Batman v Superman: A Punctilious Review

Sweet! A superhero movie! How unique!

Sweet! A superhero movie! How unique!

OKLAHOMA CITY – I finally watched Batman v Superman. At this point, I’m tired of superhero movies and wish they would stop coming for at least a couple of years. Like, I don’t even want to hear about one for awhile. Sure, I loved the Sam Raimi Spiderman movies, the first two Christian Bale Batman movies, and the first Ironman. Oh, and the first couple of X-Men movies were good, too.

But honestly, 15+ superhero movies in the last decade (quick math – that’s over one per year) is a bit much, and I want to be completely shut of them. I want to see neither ads nor previews, listen to no discussions, and, most importantly, watch no films. I, as a single-person-movie-market, am thoroughly saturated.

Of course, I know there is no end in sight and that trying to get a multi-BILLION dollar genre put to bed is like trying to grasp the wind. Blaaaaaaaaaaaaaaaah.

At this point, thou might be wondering, “Why did Grant even watch this if he’s so sick of superhero flicks LOL?” I’ll tell you why – it’s because my friend Lauren basically guilted me into seeing it. Or, as she puts is, she asked me to suffer through it so that she doesn’t have to. You know what? I’m willing to do that for my faithful readers. I’m willing to take one on the chin and give a good report from the front lines.

In the end, this isn’t about me – it’s about the Laurens of the world. It’s about the people who are too busy to screen every flick. It’s about hard-working people like the baker, gas station attendant, and milk carrier. This is for the cobbler, seamstress and ploughboy. This is for the yeoman. This is for the girl who builds internationally famous game-themed rooms. So, Lauren – thank you for reminding me of why I do this. This one’s for you.

And now, without further ado, here are my thoughts on Batman v Superman.

First, everyone hates it yada yada yada. Iwis, it is better than Man of Steel. If anyone liked Man of Steel, he should like Batman v Superman. It isn’t really good, but it is fun, and it is about comparable to the average superhero movie today. If you can’t get enough superhero movies, I highly recommend it.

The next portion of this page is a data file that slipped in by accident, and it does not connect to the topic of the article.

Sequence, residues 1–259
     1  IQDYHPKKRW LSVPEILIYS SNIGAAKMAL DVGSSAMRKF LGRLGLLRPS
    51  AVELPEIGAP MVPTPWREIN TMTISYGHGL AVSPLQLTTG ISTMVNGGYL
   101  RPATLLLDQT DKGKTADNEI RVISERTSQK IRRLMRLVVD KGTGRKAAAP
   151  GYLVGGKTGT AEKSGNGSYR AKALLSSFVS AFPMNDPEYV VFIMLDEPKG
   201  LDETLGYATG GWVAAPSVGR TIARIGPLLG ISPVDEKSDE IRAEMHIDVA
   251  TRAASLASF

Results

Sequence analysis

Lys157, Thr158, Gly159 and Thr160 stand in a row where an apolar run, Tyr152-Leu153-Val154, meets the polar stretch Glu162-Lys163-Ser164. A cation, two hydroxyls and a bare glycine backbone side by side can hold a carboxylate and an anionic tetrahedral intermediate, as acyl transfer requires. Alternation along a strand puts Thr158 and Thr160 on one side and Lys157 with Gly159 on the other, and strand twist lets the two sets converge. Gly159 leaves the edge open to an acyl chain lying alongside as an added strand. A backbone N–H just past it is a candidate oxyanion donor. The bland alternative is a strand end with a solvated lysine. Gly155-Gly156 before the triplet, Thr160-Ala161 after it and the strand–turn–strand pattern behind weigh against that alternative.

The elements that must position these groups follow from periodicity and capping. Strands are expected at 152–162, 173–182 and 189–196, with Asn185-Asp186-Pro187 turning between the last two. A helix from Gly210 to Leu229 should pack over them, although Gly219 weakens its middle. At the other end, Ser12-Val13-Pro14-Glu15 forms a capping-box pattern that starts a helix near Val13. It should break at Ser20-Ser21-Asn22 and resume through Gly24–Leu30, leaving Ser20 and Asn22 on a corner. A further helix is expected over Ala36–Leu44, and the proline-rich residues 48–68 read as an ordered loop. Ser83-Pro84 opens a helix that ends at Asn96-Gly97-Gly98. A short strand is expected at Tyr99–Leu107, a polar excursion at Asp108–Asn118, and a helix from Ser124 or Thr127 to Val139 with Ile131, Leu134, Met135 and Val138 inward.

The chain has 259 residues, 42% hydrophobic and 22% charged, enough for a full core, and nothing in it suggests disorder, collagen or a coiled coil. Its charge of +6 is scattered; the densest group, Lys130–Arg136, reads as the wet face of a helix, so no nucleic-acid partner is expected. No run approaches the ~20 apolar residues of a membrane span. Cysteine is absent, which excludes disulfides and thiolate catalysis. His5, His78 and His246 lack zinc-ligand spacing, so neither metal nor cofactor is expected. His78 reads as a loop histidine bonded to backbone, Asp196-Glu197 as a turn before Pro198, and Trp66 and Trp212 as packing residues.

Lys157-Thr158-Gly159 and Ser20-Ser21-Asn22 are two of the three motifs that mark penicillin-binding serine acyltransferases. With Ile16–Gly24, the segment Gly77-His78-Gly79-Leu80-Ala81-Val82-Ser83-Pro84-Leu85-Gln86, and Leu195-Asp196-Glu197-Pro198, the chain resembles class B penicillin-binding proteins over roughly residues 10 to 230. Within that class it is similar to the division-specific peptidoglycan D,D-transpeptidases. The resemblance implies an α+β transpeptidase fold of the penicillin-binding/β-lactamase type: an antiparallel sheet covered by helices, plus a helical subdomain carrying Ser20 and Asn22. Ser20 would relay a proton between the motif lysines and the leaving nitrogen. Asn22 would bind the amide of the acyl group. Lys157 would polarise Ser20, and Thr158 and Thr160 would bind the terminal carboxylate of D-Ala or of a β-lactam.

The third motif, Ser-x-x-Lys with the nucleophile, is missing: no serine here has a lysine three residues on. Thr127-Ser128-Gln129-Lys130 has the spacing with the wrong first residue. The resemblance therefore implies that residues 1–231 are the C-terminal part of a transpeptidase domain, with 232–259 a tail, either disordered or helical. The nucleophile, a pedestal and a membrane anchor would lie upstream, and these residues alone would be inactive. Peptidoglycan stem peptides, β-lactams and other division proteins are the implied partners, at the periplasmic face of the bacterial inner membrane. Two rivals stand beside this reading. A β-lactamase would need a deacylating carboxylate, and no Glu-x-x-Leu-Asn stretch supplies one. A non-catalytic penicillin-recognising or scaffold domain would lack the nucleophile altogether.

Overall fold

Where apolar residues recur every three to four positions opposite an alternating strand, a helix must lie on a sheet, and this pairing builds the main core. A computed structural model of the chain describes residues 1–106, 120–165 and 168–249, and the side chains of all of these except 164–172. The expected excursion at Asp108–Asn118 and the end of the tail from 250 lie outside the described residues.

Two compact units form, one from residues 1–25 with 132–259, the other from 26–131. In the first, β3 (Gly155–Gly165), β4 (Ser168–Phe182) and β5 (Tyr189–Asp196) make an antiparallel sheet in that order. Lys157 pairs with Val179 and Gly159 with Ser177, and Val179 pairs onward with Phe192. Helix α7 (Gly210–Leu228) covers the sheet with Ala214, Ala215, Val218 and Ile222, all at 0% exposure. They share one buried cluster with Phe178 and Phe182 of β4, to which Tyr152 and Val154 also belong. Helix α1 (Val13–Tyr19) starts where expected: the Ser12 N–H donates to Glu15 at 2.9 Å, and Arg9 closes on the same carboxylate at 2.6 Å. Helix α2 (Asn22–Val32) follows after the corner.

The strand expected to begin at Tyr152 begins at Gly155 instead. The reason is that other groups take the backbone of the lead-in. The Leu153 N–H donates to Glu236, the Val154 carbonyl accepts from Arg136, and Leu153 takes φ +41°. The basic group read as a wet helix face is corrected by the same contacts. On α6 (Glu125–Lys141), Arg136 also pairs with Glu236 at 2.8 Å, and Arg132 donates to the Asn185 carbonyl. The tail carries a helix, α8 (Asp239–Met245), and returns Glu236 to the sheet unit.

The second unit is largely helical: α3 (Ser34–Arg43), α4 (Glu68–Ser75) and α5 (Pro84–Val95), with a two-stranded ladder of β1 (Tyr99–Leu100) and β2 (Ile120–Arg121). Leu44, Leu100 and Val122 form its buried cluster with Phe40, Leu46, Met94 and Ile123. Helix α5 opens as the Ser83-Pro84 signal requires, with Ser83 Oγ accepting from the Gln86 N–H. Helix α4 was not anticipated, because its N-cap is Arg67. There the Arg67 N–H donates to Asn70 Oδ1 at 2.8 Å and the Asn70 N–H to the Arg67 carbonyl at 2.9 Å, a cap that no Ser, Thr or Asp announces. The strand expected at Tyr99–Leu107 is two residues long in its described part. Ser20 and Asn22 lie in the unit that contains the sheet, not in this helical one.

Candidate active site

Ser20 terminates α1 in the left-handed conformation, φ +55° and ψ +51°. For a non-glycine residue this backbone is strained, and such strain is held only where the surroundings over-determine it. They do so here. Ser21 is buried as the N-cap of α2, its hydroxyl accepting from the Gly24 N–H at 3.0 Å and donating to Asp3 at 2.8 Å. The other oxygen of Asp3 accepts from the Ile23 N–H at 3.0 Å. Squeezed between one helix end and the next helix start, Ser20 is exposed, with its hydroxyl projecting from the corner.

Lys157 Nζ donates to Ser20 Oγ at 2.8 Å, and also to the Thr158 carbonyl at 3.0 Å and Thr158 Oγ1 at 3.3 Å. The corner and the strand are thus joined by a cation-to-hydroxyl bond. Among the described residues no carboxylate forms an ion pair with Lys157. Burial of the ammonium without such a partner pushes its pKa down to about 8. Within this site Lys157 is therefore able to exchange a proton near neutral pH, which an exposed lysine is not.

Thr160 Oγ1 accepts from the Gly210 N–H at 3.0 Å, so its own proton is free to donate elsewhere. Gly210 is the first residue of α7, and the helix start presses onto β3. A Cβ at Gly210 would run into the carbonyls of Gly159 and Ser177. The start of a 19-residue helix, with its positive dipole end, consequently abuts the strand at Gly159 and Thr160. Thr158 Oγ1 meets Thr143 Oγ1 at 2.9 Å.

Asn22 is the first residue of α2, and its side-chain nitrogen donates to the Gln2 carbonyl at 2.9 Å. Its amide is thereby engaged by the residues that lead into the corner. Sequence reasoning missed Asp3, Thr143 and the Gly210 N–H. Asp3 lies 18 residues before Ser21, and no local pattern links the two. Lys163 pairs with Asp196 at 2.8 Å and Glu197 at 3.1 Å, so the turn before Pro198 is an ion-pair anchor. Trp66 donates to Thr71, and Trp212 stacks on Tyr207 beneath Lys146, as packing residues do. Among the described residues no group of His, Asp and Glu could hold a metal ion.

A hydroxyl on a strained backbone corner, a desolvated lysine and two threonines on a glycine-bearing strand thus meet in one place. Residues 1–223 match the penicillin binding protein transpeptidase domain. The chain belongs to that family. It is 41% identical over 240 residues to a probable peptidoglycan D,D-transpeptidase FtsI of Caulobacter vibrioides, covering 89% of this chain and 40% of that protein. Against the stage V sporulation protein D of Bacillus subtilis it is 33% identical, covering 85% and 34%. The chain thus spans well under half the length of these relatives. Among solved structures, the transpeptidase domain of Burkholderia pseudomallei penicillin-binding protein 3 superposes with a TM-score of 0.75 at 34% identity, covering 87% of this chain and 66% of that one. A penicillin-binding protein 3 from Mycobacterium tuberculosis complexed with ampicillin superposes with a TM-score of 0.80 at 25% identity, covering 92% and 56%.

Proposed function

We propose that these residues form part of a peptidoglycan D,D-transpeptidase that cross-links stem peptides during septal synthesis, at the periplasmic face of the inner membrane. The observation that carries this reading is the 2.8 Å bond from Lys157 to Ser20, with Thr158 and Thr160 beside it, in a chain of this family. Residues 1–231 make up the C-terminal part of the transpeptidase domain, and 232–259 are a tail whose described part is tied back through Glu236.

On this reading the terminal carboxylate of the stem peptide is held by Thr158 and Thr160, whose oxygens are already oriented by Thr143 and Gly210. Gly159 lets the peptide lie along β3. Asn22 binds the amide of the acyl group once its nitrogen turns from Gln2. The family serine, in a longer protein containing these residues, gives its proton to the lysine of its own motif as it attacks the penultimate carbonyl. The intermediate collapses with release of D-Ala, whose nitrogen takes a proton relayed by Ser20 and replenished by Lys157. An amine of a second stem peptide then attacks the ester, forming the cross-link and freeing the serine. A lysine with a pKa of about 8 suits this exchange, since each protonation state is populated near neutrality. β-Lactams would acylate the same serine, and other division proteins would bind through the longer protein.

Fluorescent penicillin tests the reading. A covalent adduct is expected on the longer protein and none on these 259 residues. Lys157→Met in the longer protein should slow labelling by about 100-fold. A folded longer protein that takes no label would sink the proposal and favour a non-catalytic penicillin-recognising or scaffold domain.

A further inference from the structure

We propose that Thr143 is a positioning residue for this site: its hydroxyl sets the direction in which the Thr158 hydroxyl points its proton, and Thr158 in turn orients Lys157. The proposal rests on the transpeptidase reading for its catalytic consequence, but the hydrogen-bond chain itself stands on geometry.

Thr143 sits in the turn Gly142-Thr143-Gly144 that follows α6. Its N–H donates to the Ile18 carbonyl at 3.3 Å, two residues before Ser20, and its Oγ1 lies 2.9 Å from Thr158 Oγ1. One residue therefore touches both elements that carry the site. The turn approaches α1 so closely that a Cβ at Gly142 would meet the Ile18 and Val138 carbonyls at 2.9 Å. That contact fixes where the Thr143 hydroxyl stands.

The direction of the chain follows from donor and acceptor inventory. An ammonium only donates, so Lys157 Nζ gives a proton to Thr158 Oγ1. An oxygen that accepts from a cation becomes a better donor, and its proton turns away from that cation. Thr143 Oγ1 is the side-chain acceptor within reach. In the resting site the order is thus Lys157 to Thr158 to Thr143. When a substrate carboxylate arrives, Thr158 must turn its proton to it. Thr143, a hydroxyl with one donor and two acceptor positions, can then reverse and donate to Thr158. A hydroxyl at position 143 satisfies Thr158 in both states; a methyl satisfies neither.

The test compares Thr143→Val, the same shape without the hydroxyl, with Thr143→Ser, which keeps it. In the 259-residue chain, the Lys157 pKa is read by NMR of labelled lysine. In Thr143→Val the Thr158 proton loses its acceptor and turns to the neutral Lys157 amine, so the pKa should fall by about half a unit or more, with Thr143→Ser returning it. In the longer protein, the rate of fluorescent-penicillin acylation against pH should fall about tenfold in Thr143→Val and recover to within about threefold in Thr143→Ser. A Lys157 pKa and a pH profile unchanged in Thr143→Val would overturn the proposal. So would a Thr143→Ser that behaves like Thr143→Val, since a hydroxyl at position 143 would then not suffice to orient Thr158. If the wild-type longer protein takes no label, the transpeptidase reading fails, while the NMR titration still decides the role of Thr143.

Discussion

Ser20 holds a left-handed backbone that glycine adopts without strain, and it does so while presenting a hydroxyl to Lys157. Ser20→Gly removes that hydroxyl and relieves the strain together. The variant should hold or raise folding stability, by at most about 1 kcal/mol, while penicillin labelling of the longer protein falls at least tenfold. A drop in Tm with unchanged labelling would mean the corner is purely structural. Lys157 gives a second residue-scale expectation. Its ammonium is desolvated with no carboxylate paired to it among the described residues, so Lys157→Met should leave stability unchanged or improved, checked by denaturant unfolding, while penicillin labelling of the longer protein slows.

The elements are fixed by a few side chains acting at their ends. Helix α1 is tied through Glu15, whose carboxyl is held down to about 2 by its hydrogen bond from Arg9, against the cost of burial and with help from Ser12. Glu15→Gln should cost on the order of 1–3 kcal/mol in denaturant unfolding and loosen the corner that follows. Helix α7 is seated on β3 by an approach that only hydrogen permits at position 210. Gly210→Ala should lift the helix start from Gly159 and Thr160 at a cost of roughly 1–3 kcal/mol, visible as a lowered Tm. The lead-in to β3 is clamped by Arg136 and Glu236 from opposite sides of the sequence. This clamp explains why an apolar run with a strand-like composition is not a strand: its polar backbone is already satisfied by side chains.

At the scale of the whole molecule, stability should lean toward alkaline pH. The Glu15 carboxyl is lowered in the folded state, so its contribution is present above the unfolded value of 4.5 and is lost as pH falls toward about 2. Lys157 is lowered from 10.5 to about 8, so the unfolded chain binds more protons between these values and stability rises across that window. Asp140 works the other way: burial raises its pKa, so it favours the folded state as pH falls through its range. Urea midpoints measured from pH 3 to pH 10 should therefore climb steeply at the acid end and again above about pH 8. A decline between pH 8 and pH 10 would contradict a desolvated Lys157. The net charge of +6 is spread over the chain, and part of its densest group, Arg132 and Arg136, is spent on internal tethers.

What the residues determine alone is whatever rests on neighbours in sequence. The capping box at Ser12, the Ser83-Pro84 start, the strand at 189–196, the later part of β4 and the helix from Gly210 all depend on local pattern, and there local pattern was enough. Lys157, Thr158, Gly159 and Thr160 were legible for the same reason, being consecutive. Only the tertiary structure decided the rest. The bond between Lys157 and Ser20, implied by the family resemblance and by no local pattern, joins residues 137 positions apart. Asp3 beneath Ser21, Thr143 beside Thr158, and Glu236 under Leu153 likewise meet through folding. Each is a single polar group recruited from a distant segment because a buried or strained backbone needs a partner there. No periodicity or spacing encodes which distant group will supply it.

Second, the score was really enjoyable. It has lots of good, vintage Hans Zimmer elements like thundering drums, exciting themes and good orchestration. Very solid. Oh, and there’s some other guy given scoring credits with a DJ name. I don’t know what he did vs what Hans Zimmer did, so meseems it’s possible that some of the credit is due him. BTW – I just looked it up: Junkie XL is the guy’s name, and he’s Dutch! Keitof! Begroetingen, felicitaties, genade zij u en vrede mijn goede kameraad!

Third, the CGI isn’t as unbearable as I thought it would be. In my predictions for the movie, I figured I would hate all the CGI. I will admit I was wrong. I guess it just melds well with everything, and in my book, CGI that doesn’t especially stand out is good CGI.

Fourth, continuing with analyzing my predictions, I was right that I wouldn’t like Henry Cavill or Amy Adams. However, Adams wasn’t as abominable as she was in Man of Steel, mostly because she isn’t on screen as often. Thank heavens for small mercies. As for poor Cavill, I’m not sure what to think. He seems like he should be a good Superman, but he just isn’t. He’s too stiff. But, Cavill isn’t the only one to blame; the character is also written poorly, so that’s on writers.

The writers…..let’s see…checking……….Chris Terrio and David Goyer!! Yeah okay, it’s also on those guys.I guess I should also say that Zack Snyder is to blame, but that seems to go without saying. Why does he get hired for these things? Because the movie industry is dumb, Grant. That’s why. (NOTE: that isn’t the response I predicted I would give myself.)